Perhaps the solution is to run for miles for specific types of runs and run for a predetermined amount of time for others. Easy runs could be run for a specific amount of time. This would remove the desire to run faster to be finished sooner. You could just run at the pace your body needs to recover. Easy run means conversational pace. No huffing and puffing. For your speed work and long run, you could run for miles. Speed work is generally set up based upon distance. Running for miles for long runs would ensure that you are ready for the distance of your goal race. It would also satisfy the numbers junkie.

26.2

The Marathon. It represents so much more than 26.2 miles. It’s epic battle for freedom from oppression and slavery. The overthrowing of a delusional ego manic set on world domination. It’s the strength of mind over body.  It’s an illustration of the endurance and strength found within the human spirit. It’s the compassion of the human heart. It’s the will to live life rather than watch it pass you by.

The name Marathon as most of us knows came from Greece and the city Marathon and the great runner Pheidippides. He ran 155 miles, not just 26.2. There is a race that commemorates his actual run, the Spartathon, which goes from Athens to Sparta is approximately 153 miles. Runners have thirty-six hours to finish. The Finish is at the statue of Leonidas. Not many runners make it to the end. In fact, more than fifty percent don’t finish the race.  However, that never stops the race from filling up every year. Why? Because of what the Marathon represents.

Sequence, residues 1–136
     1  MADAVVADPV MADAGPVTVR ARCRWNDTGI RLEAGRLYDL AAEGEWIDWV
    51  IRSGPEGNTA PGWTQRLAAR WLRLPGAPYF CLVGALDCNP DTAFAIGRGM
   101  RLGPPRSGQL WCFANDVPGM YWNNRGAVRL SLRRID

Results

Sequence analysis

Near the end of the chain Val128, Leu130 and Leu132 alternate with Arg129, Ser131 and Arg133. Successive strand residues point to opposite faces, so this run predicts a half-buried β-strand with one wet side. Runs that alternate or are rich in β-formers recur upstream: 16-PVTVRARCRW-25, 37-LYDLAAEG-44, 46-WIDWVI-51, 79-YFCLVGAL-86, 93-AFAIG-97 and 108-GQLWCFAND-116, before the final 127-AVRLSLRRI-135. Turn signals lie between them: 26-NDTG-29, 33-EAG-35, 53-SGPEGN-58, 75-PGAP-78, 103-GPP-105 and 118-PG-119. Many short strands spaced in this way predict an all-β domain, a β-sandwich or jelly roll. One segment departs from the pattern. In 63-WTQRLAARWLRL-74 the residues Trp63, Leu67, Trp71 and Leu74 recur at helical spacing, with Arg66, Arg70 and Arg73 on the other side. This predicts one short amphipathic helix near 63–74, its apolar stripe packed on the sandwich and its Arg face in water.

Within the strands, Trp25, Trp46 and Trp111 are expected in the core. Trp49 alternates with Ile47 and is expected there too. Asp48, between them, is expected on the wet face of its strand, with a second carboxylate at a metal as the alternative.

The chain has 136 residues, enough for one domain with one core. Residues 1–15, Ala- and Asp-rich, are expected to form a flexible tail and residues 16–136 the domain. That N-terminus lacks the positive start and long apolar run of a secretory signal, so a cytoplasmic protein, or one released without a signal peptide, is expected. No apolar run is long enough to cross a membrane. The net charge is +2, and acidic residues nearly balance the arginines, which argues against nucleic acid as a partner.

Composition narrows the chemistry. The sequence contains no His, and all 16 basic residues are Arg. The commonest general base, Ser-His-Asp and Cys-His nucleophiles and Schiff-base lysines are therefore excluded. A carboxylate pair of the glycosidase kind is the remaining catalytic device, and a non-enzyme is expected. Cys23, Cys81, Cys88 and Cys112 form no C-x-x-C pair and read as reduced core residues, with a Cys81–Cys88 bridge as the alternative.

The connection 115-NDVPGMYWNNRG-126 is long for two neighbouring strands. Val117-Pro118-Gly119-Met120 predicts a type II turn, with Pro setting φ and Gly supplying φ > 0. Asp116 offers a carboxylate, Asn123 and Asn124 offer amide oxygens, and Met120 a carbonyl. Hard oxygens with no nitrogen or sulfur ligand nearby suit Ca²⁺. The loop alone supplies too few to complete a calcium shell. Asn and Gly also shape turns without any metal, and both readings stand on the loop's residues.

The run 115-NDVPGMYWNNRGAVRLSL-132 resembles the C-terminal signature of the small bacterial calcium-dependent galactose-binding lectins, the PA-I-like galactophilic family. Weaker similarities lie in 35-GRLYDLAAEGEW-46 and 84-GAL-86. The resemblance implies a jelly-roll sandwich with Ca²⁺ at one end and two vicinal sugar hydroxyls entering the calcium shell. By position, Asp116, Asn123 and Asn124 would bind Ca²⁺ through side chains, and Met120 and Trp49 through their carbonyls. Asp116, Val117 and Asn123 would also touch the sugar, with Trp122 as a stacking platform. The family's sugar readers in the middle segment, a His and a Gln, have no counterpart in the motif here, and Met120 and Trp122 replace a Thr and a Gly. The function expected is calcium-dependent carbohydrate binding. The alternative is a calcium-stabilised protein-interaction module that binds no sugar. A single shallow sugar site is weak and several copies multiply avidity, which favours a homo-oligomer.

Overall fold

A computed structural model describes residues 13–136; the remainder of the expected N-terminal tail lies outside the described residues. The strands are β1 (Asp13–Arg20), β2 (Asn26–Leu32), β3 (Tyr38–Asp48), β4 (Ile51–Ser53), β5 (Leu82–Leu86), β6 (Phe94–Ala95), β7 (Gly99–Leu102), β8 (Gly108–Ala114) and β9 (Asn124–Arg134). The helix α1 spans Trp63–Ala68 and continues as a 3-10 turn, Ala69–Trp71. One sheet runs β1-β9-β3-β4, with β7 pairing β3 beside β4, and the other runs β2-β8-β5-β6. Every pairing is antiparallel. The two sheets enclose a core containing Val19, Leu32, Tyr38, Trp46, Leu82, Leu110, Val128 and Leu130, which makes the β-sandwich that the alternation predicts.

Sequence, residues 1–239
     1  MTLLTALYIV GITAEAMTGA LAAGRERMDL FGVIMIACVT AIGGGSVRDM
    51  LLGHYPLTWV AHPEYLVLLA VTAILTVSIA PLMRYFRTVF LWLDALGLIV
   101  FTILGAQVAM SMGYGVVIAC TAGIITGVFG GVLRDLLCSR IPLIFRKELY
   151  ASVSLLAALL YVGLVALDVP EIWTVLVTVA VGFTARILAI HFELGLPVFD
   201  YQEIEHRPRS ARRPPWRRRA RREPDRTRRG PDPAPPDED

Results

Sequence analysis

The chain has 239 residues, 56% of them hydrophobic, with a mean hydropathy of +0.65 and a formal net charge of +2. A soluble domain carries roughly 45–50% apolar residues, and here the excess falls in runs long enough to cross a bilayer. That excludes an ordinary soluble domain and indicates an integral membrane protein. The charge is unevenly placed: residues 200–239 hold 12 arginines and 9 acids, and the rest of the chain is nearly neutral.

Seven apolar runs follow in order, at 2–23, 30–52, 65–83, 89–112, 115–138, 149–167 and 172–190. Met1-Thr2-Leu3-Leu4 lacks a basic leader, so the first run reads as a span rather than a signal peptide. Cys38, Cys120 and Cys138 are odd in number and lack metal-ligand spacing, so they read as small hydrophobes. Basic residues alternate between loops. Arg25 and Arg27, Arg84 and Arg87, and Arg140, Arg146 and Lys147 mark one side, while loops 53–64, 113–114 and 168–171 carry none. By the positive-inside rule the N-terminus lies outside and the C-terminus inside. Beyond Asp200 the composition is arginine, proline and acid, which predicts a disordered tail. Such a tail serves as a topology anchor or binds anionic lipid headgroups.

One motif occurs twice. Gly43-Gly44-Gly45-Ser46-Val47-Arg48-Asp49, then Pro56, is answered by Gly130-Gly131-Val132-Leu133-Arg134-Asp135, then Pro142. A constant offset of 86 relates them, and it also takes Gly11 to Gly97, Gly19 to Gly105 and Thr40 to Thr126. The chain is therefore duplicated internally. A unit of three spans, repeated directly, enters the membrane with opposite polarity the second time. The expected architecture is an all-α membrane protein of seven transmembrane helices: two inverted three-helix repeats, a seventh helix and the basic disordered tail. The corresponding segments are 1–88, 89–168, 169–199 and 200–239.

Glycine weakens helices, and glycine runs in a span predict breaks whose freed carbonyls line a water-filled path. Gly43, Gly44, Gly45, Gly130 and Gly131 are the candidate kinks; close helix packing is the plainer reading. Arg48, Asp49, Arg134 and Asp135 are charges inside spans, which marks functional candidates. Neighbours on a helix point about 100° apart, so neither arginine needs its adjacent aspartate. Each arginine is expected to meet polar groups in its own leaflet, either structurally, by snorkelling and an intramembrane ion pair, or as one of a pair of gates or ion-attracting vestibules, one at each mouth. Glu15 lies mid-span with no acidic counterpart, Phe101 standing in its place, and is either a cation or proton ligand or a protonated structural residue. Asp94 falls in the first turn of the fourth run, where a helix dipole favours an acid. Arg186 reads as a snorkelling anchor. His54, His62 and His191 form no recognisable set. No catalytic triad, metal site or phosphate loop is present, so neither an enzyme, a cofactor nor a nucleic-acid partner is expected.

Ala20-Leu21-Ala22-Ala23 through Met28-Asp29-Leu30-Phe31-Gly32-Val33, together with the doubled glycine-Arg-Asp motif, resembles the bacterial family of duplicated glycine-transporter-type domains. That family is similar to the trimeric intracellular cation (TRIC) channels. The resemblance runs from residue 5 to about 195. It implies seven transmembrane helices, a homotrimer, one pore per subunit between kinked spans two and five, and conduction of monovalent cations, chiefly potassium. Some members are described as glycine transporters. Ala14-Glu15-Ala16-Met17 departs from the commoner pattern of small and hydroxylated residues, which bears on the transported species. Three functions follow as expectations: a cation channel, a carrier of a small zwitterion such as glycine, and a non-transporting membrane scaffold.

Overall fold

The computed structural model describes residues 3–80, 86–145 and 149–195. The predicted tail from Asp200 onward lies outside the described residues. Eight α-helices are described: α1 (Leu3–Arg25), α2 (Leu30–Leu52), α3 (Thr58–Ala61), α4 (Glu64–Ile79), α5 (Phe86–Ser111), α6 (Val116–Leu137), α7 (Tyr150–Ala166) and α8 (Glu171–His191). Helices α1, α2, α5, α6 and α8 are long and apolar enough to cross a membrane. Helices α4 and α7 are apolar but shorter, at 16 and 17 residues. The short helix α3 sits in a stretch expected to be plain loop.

The Spartathon may be way out of most runner’s league, but running a marathon is an achievable goal for any healthy adult, who has the desire to complete the distance. Some 36,000 runners will be toeing the starting line on Monday for the Boston Marathon. Many more will be standing tall at the start of their local marathon this Saturday. The ING New York Marathon is the largest, hosting 47,000 runners. In 2012, 471,595 people ran a marathon in the United States alone. There are 850 marathons throughout the US, which you can choose from. The average finish time for females is 4 hours and 42 minutes. For males, it is 4 hours and 17 minutes.

It is a sixteen-week commitment to train for a marathon, even if you have never run before. Checkout my training programs by clicking on that page at the top of my blog. Even people who are not in the greatest condition can start training and finish the race. Most training programs are going to include one day of speed work, one day for a long run, and a few easy runs. Your longest run is 20 miles, unless you are using the Hansen method then it is 16 miles.